On International Day of the Girl, It's Time to Remember That Girls Should Be Students, Not Brides

11/10/2013 09:20 BST | Updated 23/01/2014 23:58 GMT

Kidan from Ethiopia was eagerly awaiting the day when she would be able to complete her education and fulfil her lifelong dream of becoming a doctor. But she was instead promised in marriage in exchange for cattle.

For a family with limited resources like Kidan's, schooling may not be seen as a viable alternative to marriage for their daughters. And because girls like Kidan are mainly valued for their ability to become wives and mothers, rather than their potential to earn an income or play an active role in their community, any money available for school fees, books or uniforms will most likely go to support their brothers' education.

Girls are often expected to marry - not study. Once married, it is extremely difficult for girls to stay in school, as domestic responsibilities and childrearing take over. Tigist, also from Ethiopia, and married at the age of 15 has lost hope of ever returning to her studies: "I have a home and a child, so I can't go back to school."

Leaving school at a crucial age deprives child brides of so many opportunities to succeed in life, and curtails their prospects for employment and financial autonomy as they get older.

Efforts to improve education for girls must go hand-in-hand with efforts to end child marriage

It is hard to envision a bright future for young people as long as girls are married off before they have had the chance to finish school.

Every year, approximately 14 million girls marry before their 18th birthday. The majority of those girls drop out of school and miss out on the educational and economic opportunities they need to build prosperous lives for themselves, their families and their communities. If we do not take into account the impact of child marriage, efforts to improve education for girls will likely miss some of the most vulnerable individuals in society.

At the same time, we have to recognise that education can be an incredibly powerful tool in reducing child marriage - girls who complete secondary education are six times more likely to remain unmarried until they are adults than girls who are forced to leave school early.

Offering a safe, girl-friendly learning environment is a key part of the effort to both improve girls' education and to reduce child marriage. The organisation Educate Girls runs programmes in Rajasthan, India, to improve school infrastructure and address concerns about girls' for safety in mixed spaces. For example, the programme equipped schools with sex-segregated bathrooms to address the threat of sexual violence in shared bathrooms. Parents no longer felt the need to pull girls out of school, and attendance rates increased.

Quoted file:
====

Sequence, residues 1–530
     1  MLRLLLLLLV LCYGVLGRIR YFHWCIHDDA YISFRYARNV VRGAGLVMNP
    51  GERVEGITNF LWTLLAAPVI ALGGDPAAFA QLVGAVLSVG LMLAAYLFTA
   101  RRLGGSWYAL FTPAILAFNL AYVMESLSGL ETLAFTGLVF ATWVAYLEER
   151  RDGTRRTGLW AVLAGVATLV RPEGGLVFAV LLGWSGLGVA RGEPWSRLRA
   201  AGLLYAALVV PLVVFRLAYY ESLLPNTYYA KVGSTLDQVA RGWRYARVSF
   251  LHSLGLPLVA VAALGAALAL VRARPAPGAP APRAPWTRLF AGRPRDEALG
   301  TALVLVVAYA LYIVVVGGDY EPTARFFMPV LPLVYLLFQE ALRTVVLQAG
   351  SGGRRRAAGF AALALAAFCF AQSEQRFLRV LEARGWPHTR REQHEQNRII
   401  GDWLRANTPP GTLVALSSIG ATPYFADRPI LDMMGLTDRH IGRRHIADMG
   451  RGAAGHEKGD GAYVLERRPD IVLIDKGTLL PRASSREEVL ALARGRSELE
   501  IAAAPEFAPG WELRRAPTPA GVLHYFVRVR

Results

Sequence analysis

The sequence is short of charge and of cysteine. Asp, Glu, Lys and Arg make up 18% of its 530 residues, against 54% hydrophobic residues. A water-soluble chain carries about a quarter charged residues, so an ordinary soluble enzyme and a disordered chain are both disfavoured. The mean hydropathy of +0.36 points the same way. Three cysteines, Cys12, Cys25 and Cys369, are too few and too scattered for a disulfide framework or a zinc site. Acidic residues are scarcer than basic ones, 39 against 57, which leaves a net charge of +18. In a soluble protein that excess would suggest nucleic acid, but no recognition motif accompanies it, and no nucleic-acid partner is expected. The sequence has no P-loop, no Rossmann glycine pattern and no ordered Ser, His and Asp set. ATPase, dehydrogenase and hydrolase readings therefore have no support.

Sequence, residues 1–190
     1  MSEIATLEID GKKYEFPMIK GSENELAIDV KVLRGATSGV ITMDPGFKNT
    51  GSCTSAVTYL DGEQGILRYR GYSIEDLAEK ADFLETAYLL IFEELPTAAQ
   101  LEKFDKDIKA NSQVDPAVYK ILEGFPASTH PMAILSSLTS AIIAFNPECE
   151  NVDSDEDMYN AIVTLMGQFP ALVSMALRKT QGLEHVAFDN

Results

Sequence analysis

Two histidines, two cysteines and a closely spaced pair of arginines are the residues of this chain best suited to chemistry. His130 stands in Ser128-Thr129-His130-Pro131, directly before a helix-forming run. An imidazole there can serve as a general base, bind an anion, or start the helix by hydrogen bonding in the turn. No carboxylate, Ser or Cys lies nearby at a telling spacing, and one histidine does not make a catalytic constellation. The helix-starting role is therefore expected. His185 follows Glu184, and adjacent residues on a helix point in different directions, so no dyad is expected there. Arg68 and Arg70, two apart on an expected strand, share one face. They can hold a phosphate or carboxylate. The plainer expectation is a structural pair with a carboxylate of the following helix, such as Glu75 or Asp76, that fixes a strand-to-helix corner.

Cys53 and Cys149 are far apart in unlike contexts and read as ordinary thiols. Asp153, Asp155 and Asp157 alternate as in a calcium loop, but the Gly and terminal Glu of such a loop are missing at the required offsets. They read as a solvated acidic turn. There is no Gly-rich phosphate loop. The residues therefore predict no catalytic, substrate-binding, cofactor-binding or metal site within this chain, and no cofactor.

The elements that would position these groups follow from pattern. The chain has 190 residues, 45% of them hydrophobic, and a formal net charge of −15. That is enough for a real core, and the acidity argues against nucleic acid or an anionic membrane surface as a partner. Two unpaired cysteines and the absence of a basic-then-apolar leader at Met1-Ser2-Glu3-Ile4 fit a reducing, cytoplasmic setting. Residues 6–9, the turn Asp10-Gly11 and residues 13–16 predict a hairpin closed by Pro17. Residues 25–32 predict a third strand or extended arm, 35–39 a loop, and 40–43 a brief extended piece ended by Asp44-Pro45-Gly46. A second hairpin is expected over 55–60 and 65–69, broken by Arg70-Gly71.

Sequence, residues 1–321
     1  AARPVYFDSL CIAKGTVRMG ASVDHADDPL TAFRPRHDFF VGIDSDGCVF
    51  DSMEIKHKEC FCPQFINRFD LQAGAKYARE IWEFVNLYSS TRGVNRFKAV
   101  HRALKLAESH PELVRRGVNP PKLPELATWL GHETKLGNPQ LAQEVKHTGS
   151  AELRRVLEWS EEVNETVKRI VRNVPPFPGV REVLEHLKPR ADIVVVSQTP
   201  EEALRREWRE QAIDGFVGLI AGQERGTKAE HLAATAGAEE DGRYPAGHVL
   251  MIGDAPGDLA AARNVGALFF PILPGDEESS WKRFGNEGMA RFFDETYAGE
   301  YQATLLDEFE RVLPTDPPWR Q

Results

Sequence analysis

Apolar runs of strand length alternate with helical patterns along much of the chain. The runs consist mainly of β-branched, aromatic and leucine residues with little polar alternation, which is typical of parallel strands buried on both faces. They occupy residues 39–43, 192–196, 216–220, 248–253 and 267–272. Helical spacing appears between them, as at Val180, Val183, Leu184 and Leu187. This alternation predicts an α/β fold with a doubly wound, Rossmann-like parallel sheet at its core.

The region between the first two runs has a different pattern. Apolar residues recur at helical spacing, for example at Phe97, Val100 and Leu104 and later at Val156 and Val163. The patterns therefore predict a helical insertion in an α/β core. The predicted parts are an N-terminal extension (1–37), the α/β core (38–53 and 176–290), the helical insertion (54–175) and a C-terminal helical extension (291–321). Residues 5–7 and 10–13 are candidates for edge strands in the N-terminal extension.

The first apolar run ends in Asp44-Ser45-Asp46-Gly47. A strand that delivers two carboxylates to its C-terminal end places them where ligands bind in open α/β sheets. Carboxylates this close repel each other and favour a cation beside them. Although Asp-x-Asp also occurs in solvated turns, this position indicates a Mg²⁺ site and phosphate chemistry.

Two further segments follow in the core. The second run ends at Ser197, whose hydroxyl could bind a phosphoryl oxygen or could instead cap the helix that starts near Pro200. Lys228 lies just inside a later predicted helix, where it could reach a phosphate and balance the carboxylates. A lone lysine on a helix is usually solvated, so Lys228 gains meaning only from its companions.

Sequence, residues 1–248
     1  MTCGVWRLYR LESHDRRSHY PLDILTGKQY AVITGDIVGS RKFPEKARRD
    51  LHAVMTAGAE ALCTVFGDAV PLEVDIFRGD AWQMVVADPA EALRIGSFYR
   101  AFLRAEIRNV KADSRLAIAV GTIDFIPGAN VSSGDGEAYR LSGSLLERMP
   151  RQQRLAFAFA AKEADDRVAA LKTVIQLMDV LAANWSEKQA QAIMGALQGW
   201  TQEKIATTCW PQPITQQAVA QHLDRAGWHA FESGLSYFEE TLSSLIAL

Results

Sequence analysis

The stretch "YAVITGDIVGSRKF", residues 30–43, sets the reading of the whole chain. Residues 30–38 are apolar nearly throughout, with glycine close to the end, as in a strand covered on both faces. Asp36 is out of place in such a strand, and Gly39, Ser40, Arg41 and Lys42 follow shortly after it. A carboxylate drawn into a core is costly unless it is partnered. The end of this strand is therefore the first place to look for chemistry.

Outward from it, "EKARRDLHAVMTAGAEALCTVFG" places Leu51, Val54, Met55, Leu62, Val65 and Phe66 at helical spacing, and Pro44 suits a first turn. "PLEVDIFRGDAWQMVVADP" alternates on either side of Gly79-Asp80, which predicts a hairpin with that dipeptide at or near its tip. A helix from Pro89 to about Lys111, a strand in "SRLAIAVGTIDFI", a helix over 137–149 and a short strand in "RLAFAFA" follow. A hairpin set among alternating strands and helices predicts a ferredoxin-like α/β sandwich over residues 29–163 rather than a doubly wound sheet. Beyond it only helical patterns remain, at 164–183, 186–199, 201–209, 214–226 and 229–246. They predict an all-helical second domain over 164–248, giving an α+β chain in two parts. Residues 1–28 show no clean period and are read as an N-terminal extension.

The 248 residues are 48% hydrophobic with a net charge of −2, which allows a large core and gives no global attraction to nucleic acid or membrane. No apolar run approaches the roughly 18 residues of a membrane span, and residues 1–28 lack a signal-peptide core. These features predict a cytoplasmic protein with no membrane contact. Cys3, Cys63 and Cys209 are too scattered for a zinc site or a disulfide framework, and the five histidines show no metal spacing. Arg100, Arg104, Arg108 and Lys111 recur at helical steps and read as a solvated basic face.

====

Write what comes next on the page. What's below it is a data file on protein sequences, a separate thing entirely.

Unfortunately, many girls are not encouraged to finish their education because they are simply not valued in the same way as boys. That is why some organisations are working to raise the visibility of socially valued roles for women beyond those of wife and mother. The Girls Empowerment Network in Malawi, for instance, develops girls' leadership programmes with the aim of giving young girls positive role models that inspire them to pursue higher education, employment and economic independence.

On Day of the Girl, global movement calls for joint action on child marriage

These are only two examples of the types of projects implemented by members of Girls Not Brides, a global partnership of more than 300 non-governmental organisations committed to ending child marriage. Based in more than 50 countries, many of our members focus on the specific issues that keep girls out of school.

But we cannot do this alone. On International Day of the Girl Child, Girls Not Brides members will call on governments, donors and international institutions to work together to address some of the factors that push parents to continue to choose marriage over education for their daughters, including the safety, quality and accessibility of schools. This might include, for example, providing transport to enable girls to get to school safely or putting to an end rules that prohibit married girls from staying in school. After all, why should they suffer for a decision in which they had no say?

Education can also help address a more fundamental problem that keeps girls out of school and pushes them into early marriage: their low status. Quality sexuality education for girls and boys that explicitly addresses gender inequality is critical for girls to understand their bodies and rights, and helps both girls and boys understand that they are equal and that violence is never acceptable.

On International Day of the Girl 2013, we should remind ourselves that a lack of education and child marriage cut off opportunities for girls. It is also an opportunity to recognise that, if we work together to ensure that girls are able to complete their education and can decide when and whom they marry, we will start seeing a more just and prosperous world.

Watch Girls Not Brides' new animation about child marriage and its impact on girls:

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